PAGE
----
And we are now seeing just how effective the shift in the public mood can be to impact the shape of the marketplace. Budweiser the company is utterly mystified about how making a single customized can and sending it to an Instagram influencer could have set off a mass public protest. But they completely misunderstand the times in which we live.
Freedom as we once knew it has been under grave assault, rarely more than in the last three years as we were locked in our homes, could not go to church, could not attend funerals or organize weddings, and saw businesses wrecked all over the country. The kids were even kept from school.
In such times, people are absolutely aching to test the ways in which their own choices can have an impact on the world. And they are discovering that the best way is through the marketplace.
It’s also safer. We saw what happened to the January 6th protestors. Some languish in prison without a clear sense of what they did wrong. They have been hounded by the media and fired from their jobs. Facial recognition technologies in general make every public protest dangerous.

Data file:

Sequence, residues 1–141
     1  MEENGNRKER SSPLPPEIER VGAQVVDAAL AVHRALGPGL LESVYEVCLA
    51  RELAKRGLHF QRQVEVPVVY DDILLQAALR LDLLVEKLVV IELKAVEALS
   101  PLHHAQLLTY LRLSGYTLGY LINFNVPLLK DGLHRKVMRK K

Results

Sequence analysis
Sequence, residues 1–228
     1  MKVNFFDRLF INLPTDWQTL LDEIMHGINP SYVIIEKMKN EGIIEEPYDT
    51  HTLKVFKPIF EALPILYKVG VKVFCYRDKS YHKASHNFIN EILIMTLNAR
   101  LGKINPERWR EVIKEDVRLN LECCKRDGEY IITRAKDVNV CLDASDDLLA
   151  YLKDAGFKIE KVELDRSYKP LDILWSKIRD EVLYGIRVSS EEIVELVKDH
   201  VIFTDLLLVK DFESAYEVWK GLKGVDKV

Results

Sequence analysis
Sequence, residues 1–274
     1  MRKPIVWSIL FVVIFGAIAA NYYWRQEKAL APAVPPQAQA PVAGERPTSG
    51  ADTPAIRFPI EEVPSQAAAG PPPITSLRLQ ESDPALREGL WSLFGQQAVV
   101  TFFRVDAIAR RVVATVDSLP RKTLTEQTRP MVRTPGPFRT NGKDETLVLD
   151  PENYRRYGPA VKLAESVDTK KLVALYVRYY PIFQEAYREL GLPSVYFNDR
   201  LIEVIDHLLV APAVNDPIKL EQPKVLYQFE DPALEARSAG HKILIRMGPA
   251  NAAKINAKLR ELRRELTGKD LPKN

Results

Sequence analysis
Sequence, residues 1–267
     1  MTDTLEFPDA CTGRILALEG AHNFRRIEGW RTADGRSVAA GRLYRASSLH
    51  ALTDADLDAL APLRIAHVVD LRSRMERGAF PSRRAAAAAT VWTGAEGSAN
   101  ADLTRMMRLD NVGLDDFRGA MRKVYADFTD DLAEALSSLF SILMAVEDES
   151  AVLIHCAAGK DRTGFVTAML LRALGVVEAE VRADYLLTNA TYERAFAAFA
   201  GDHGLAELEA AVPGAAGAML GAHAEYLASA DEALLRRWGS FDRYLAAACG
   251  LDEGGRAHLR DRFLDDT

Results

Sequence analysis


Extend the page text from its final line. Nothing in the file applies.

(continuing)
This is not true with consumer boycotts. All you have to do is decline to do something, merely choosing this over that or not doing anything at all. No one gets in trouble for that.
No one at Anheuser-Busch really took the boycott threat very seriously but here we are. The company has not tweeted in a month because the last time they tried it, they were bombarded with thousands of denunciations. The ratio of comments to retweets was out of control. That surely sent the marketing gurus into complete meltdown.
Now retailers are offering cases of the beer for as little as $3, and even paying people to buy it with rebate coupons. We keep hearing that sales have fallen by 30 percent but that is only what we know. It could in fact be much larger.